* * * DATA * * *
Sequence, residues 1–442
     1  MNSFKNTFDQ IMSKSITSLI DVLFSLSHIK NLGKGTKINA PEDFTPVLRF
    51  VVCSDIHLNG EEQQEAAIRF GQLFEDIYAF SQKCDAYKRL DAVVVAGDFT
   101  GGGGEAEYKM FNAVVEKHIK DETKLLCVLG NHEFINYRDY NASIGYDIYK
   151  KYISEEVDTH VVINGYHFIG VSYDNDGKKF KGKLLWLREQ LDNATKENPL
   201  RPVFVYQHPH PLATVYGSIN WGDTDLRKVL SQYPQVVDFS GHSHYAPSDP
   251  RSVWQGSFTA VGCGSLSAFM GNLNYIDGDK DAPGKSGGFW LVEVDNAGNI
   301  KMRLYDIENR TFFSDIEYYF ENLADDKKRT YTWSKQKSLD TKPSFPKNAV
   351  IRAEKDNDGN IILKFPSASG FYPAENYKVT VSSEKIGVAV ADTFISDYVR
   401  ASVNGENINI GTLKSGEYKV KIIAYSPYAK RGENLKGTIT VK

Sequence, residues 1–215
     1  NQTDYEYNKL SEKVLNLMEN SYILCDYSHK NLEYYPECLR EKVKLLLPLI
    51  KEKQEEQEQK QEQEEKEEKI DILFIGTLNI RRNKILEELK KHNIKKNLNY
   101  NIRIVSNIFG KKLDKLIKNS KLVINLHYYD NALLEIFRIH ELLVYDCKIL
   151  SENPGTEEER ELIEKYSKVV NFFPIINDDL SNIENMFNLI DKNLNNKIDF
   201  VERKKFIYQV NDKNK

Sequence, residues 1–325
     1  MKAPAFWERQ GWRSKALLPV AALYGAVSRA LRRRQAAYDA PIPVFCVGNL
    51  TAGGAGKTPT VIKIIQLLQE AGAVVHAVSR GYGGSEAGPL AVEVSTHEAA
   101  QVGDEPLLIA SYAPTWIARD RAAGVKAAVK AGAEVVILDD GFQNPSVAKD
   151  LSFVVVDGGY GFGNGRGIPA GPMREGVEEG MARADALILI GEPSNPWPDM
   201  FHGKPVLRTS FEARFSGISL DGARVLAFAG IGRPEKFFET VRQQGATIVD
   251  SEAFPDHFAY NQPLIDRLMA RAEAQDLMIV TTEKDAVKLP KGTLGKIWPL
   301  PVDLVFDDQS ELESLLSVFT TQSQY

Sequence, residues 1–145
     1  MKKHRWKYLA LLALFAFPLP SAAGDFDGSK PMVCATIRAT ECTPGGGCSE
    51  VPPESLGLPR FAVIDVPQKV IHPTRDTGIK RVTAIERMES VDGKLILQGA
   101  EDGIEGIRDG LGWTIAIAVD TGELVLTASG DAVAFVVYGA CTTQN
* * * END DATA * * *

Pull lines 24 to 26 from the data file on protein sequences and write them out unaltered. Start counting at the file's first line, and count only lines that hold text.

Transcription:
   301  PVDLVFDDQS ELESLLSVFT TQSQY

Sequence, residues 1–145
     1  MKKHRWKYLA LLALFAFPLP SAAGDFDGSK PMVCATIRAT ECTPGGGCSE